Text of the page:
Art history has seen many career-defining ties between artists and a single material that they become known for using: there’s Joseph Beuys and melancholy-imbued felts, Eva Hesse and sand-filled stockings, Richard Serra and Corten.
But unlike other marriages between artists and their signature mediums, Keith Sonnier’s use of neon tubes in the mid-1960s was radical for what it did for his material of choice. Already imbued with commercial connotations and frosty vibes, Sonnier flipped the script, showing how they could be delicate, organic, poetic.
More than half a decade later, the 78-year-old artist has just opened an exhibition titled “Louisiana Suite,” at Kasmin gallery. Dedicated to mixed media sculptures based on his unrealized sketches from 1969, the show is a prime example of his ability to juxtapose flashes of light stemming from neon rods with materials like foam and glass.
Still working from his Bridgehampton, Long Island studio, Sonnier has gained a reputation for using the unforeseeable washes of color that neon casts off almost like brushstrokes conveying landscapes. His inclusion of bulky materials such as mountainous semi-folded foam piles and aquatic glass panels enhances his sculptures’ affinity to nature, which signifies for the artist the endless vistas of childhood in Louisiana. “Kasmin’s architecture dictated the realization of these four monumental pieces, although I’ve shown different works from the series in different parts of the world, such as Neue Nationalgalerie in Berlin and Lever House in New York,” Sonnier explained to Observer about turning the sketches into sculptures fifty years later. The works’ series title, “Ba-o-Ba,” which he slowly spells over the phone, refers to a boat he came across in Jacmel in Haiti. The fisherman had named this boat after the Cajun phrase “light bath,” which is used to describe nocturnal fishing trips over moonlight.
From the placid turquoises of the blue moon to the scorching yellows of the southern sun, colors and their associations with nature still define Sonnier’s sculptures. All are inspired by deeply personal experiences, but retain a particular spot in the history of Post-Minimalist American art, following Pollock’s assertive splashes of paint and Judd’s painfully precise sculptures of reduced forms. On the brink of two such polar movements, Sonnier synthesized Abstract Expressionism’s unpredictable and dramatic conveyance of the artistic hand with Minimalism’ sleek and avant-garde assumption of tomorrow’s materials and forms.
Moving to New York in the late ‘60s, just after he received his MFA from Rutgers, Sonnier gained recognition with his mixed media wall pieces that drew cues from urban life: street window displays with inviting flashes of colors, clutters of domestic “stuff” populating homes, and technological goods entering the domestic realm. Sonnier’s assemblages of neon with various familiar and foreign materials saluted Pop Art’s unabashed embrace of the commercial aesthetic and the blurring line between high and low, buyable and rare, and humorous and somber. “I think that early investigation of any kind of materials as [a] source was probably quite important; to realize that anything could be considered art, as long as you could somehow control its manipulation or its content, or the suggestion of content.” he explained about starting his career with an open-minded approach to materials to Parachute Magazine in 1977.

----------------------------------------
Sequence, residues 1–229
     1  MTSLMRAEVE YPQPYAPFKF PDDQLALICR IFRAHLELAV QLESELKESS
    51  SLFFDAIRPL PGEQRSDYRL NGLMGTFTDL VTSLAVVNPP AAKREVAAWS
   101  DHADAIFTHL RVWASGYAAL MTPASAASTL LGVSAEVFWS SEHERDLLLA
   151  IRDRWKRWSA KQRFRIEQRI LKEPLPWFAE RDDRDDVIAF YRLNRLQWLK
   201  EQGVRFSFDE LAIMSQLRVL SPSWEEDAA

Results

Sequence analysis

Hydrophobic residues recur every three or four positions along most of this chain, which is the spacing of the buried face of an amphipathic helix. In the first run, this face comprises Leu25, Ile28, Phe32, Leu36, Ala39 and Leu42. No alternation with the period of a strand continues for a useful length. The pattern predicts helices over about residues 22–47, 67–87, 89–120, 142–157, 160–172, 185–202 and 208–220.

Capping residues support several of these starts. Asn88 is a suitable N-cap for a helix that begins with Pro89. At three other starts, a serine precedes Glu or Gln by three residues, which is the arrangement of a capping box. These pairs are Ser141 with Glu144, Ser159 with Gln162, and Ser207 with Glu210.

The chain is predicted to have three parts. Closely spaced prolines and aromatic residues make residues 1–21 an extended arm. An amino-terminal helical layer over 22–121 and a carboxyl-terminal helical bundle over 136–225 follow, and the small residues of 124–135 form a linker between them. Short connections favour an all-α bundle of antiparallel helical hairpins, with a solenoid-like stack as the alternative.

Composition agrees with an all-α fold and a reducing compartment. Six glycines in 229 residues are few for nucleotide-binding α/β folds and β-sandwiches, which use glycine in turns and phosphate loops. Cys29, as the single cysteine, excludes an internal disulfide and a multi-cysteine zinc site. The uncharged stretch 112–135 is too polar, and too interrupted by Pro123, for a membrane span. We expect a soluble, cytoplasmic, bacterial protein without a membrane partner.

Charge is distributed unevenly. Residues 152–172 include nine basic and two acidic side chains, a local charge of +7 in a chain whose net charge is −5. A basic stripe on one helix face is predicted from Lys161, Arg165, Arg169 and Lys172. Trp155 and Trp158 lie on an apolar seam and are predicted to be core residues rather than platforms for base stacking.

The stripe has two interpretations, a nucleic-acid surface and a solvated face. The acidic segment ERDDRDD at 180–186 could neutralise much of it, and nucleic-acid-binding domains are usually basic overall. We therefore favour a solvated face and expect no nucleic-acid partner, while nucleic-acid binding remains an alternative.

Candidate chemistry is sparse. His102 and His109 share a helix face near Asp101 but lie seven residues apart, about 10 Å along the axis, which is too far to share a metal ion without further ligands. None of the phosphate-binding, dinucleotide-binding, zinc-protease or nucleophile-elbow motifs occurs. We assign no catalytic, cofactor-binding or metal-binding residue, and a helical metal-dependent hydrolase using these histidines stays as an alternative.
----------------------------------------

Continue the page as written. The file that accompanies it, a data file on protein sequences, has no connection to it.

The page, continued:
In the “Ba-o-Ba” series, neon’s conversation with glass panels extends light’s possibilities of reflection—in both definitions of the word. Transparent and spectral, glass surfaces render the glass tubes bird-like, helping them to defy gravity and logic. In Ba-o-Ba Nice, 1977/2018, a horizontal black glass panel is reminiscent of a nocturnal horizon, accompanied by blue, red and yellow neons; La Niçoise, 1977/2019 introduces large surfaces of glass accentuated by lines of yellow and blue lights on their edges in a harmony that both seems resilient and evanescent. “Until Today,” the Parrish Art Museum’s 2018 survey that took over the museum’s Herzog & de Meuron-designed interior with works from Sonnier’s half-decade career, did justice to Sonnier’s body of work, which hadn’t seen a retrospective of that size in 35 years. Kasmin’s “Louisiana Suite” resumes the conversation, showing there’s more to come.
Keith Sonnier: “Louisiana Suite” is on view at Kasmin through January 27, 2020.